A reflection on simplifying, one year later

As some of you know, I started this blog at the beginning of 2013 in order to explore the theme my husband and I had chosen for last year: Create & Simplify. Last year was the first year we decided to orient our year around a theme, instead of a list of resolutions. It was much more rich and helpful, a compass to help us stay on course through the changes the year brought. I’ll soon share the theme we’ve chosen for this year, but I’m not ready to set aside last year’s theme yet.

Create and Simplify header image


I’ll start with simplifying half of our theme because it’s easier for me to talk about. This theme helped me to cut out the extra stuff that drains our time, energy, and money, and instead focus on our kids, making memories with friends, and being outdoors together. We decided to change the way we celebrated small holidays that don’t have a special meaning for our family, like Valentine’s Day and Mother’s and Father’s Days. We went on family hikes when we could, and made it a point to be together, but we didn’t add anything beyond that. And we didn’t feel like we missed out on anything.

The good

At the beginning of the summer, I ran into a mom from my kids’ school at the dentist office. We got to talking about the upcoming trips we were taking with our families, especially how busy it gets just trying to leave town. She went through the list of things she’d been in the process of crossing off her vacation to-do list. It ranged from the typical—finish laundry, arrange for a dog/house sitter, stop the mail—as well as an extensive personal care list—haircut and highlights, manicure-pedicure, a salon spray tan, and teeth whitening. I went from nodding along, totally relating, to feeling panic. “Oh crap. She’s already crossed things off her list I haven’t even thought about yet.” I’d thought of a few things, of course, but I hadn’t put in nearly the amount of thought or preparation she had.

If we could afford to, I would probably put many of those things on my own list. I’m not judging this other mom. I get it. We’re hovering around the forty-year mark and were planning on spending extensive time in bathing suits. I’m all for doing what you can to make that more enjoyable. But I couldn’t afford a lot of pampering right then, nor could I afford the stress of adding it to my list last-minute, trying to measure up to a standard I’d just heard about.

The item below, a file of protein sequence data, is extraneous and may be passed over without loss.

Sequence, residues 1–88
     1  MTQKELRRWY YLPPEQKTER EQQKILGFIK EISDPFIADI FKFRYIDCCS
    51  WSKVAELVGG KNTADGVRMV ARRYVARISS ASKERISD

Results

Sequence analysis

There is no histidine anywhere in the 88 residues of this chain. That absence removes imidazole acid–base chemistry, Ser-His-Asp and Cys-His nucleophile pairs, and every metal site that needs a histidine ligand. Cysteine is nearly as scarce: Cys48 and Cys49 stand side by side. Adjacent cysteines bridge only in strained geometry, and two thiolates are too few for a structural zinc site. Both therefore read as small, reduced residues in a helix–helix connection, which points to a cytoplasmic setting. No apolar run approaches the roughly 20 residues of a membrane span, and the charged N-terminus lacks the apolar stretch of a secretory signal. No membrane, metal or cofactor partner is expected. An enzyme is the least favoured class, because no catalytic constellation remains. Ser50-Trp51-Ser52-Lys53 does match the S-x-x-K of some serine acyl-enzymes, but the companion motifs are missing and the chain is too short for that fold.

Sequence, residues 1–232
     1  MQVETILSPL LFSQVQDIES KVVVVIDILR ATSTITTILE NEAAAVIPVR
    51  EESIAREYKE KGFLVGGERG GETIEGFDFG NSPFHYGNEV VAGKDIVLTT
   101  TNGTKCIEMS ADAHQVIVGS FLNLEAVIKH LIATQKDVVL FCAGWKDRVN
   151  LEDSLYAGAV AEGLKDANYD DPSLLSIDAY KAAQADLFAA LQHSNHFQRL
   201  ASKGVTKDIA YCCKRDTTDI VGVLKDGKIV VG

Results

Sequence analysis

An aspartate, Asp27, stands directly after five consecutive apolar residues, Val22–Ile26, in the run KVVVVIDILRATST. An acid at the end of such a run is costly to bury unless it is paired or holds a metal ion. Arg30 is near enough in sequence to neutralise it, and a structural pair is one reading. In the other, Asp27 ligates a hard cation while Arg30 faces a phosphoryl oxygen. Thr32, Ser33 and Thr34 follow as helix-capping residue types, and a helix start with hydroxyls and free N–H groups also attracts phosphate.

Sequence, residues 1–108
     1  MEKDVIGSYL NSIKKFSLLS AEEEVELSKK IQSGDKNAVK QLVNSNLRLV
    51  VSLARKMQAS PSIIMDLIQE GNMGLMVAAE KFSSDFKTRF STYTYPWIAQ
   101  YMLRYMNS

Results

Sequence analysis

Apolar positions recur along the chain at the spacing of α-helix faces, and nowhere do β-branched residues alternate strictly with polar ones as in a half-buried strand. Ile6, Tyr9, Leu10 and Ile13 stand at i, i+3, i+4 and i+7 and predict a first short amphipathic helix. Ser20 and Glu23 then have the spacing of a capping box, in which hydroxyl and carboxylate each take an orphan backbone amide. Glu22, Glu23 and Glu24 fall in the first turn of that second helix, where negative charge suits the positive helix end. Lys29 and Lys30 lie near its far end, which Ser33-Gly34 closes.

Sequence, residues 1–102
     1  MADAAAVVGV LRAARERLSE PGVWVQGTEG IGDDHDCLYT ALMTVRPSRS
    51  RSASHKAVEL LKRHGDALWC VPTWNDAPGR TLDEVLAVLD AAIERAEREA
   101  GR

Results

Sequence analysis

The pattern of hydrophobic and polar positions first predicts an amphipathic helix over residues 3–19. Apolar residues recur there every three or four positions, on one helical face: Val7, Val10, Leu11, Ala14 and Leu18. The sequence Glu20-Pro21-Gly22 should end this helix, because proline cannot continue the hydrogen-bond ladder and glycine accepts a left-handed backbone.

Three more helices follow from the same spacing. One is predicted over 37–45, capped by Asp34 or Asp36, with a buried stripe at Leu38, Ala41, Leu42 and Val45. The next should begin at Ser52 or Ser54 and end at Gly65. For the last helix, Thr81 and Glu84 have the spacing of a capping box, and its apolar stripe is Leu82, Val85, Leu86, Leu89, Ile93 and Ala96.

Then  I remembered to focus on simplifying. And it helped me set all that pressure aside. I’d already given myself permission to opt out of unnecessary things. Over and over, this was my favorite part of our theme to simplify: it game me a way to escape arbitrary pressures, not from a place of judgement on others (I could again empathize with this other mom) or out of self-pity (it wasn’t my resources keeping me from participating), but because I’d embraced the experiment to simplify.

I was also thankful for our theme when putting together birthday parties, party favor gift bags, Valentines for school, and stocking stuffers—occasions that send me to the dollar store and craft stores for trinkets that quickly wind up in the trash. I did a few small things, if they seemed fun, but when they began to feel like too much, I’d remind myself to simplify and be done with it.

Same goes for dealing with clutter. Donating extra stuff we didn’t need or passing it on to others was a simpler solution than trying to sell it. So except for participating in one sale that I’d already agreed to, I gave things away.

And the bad

It wasn’t all easy-breezy though. This summer I decided not to enroll my kids in many activities, camps, and sports. We also dropped our gym/pool membership going into the summer. We had decided to go on a beach vacation with good friends, and it turned out to be the highlight of the summer. But we needed all our extra money to make it happen. So instead of running around, taxiing kids to practices, games, and classes, we stayed home in order to simplify our summer.

And it sucked. Other than the ten days we spent away together at the beach, this summer felt like one of the longest and most draining we’ve had. It was hard on me and my kids not to have any schedule or structure. We needed to keep ourselves busy. And in lieu of prearranged, structured activities, it was up to me to come up with something to do. Every single day. All day long. It was completely draining and anything but simple. I won’t do that again.

This is one reason I’m not ready to give up the theme yet. I’m still trying to find a  balance that actually feels simplified. And I know there are still things we need to streamline, like errands and meals, for starters. But we are also going to add a new theme for 2014. And if it feels like too much, we can always simplify.

Also check out

A reflection on creativity, one year later

Create and Simplify header image






Art smart with a gallery wall

Gallery wall


Our ’80s banister and entry way 

1980s banister


2 thoughts on “A reflection on simplifying, one year later

  1. Pingback: Our theme for 2014: Don’t Hush Yourself | House Over Head

  2. Pingback: Create & Simplify, one year later, part 2 | House Over Head

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